Afrezza, which uses a whistle-sized inhaler and works to control blood-sugar levels in both type 1 and type 2 diabetes, was developed in the shadow of Pfizer's rival Exubera and approved by the U.S. Food & Drug Administration in June.
Exubera was approved in 2006 with expectations of $2 billion a year in sales but the inhaler was bulky, and patients were put off by the need for periodic lung function tests. Eventually it was withdrawn.
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In the Afrezza marketing deal struck last year, Mannkind won an upfront payment of $150 million, potential further milestone payments of up to $775 million and 35 percent of future profits.
Priced at $7.54 for a daily dose of 12 units, Afrezza will be pricier than $3.14 Apidra, which is the injectable equivalent in Sanofi's drugs stable.
Afrezza should not be used in patients with asthma, or those suffering from certain complications, however. It is also not recommended for smokers or recent ex-smokers.
Industry analysts have said they expect Afrezza to generate modest sales of about $182 million a year by 2019 according to Thomson Reuters Cortellis, given Exubera's problems and the restrictions on use.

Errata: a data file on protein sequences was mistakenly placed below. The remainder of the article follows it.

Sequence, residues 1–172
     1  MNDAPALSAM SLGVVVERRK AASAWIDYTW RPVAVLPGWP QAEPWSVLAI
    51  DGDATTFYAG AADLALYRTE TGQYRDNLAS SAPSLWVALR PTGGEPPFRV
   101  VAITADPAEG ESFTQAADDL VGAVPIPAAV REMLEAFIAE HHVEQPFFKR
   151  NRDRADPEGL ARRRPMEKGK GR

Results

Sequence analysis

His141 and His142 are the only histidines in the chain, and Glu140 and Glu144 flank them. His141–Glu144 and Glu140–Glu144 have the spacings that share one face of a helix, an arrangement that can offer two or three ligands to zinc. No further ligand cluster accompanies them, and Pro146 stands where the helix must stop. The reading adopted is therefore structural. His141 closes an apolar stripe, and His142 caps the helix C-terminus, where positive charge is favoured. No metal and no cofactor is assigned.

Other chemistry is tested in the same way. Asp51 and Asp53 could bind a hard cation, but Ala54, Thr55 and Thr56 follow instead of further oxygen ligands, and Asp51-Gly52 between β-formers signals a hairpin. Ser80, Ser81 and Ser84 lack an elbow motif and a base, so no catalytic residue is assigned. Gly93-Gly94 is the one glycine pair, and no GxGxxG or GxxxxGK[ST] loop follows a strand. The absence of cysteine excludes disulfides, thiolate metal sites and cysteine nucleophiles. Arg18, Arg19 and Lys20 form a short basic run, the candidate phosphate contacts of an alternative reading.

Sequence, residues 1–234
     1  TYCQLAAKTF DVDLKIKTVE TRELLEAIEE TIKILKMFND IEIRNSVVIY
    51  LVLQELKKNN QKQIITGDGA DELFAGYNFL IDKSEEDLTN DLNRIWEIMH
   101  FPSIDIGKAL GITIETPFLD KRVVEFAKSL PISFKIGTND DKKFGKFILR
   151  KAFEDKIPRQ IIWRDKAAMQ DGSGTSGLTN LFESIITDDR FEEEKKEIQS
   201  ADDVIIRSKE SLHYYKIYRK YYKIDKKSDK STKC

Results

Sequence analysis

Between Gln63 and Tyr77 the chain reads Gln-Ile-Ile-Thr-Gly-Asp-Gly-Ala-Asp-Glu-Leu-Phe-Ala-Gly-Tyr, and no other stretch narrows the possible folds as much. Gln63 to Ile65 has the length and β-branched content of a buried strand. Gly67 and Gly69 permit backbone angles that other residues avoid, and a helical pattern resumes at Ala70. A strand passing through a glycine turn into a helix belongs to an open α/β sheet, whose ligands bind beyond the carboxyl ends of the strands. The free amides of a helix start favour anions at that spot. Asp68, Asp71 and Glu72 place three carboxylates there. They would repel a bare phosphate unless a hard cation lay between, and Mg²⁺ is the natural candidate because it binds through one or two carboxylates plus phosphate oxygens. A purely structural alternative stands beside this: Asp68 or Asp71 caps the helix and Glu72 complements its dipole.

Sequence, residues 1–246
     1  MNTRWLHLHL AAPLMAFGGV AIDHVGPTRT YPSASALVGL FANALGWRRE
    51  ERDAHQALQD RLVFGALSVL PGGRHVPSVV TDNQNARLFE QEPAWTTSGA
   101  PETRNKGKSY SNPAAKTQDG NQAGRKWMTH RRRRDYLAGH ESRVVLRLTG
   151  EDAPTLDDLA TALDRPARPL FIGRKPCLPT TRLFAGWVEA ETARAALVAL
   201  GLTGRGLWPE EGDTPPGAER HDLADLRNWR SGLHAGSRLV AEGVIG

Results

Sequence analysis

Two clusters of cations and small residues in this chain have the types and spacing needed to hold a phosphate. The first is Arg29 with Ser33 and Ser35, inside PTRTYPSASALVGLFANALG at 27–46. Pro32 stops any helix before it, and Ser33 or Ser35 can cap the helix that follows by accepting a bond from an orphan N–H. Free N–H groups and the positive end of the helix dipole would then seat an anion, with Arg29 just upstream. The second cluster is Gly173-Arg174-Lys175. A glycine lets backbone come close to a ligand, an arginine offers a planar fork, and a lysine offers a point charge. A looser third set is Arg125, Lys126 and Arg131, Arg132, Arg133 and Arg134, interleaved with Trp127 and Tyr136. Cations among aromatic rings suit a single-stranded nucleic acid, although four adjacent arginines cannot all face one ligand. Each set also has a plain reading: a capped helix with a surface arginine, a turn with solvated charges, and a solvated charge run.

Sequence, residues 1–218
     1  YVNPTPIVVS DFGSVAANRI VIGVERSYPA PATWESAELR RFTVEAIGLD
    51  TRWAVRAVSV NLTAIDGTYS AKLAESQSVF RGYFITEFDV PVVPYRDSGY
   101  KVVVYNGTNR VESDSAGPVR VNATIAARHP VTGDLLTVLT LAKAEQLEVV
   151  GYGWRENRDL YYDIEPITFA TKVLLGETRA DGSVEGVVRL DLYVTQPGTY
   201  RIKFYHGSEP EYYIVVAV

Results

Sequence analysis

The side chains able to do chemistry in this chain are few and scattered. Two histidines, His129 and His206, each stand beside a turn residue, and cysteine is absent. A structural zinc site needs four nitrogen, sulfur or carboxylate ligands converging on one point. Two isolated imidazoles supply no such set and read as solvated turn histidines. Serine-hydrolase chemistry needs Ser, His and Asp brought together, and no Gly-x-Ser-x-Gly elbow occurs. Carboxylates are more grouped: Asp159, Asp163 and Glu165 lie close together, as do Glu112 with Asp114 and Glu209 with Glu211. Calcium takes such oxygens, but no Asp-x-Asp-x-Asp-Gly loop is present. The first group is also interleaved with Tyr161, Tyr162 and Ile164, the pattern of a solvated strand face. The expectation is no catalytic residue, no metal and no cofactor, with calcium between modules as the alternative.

Sanofi's diabetes division generates about $7 billion of sales annually and around 30 percent of group profits, but the patent on its Lantus insulin, the world's most prescribed, expires this year, and it expects little or no sales growth through 2018.
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A poor diabetes performance in 2014 was one of the reasons Sanofi sacked chief executive Chris Viehbacher in October. The company is now betting on products like Afrezza and an improved version of Lantus called Toujeo.
Orally delivered insulin is difficult to develop because the protein gets broken down in the stomach, but last year Danish group Novo Nordisk completed a Phase I trial of an oral version.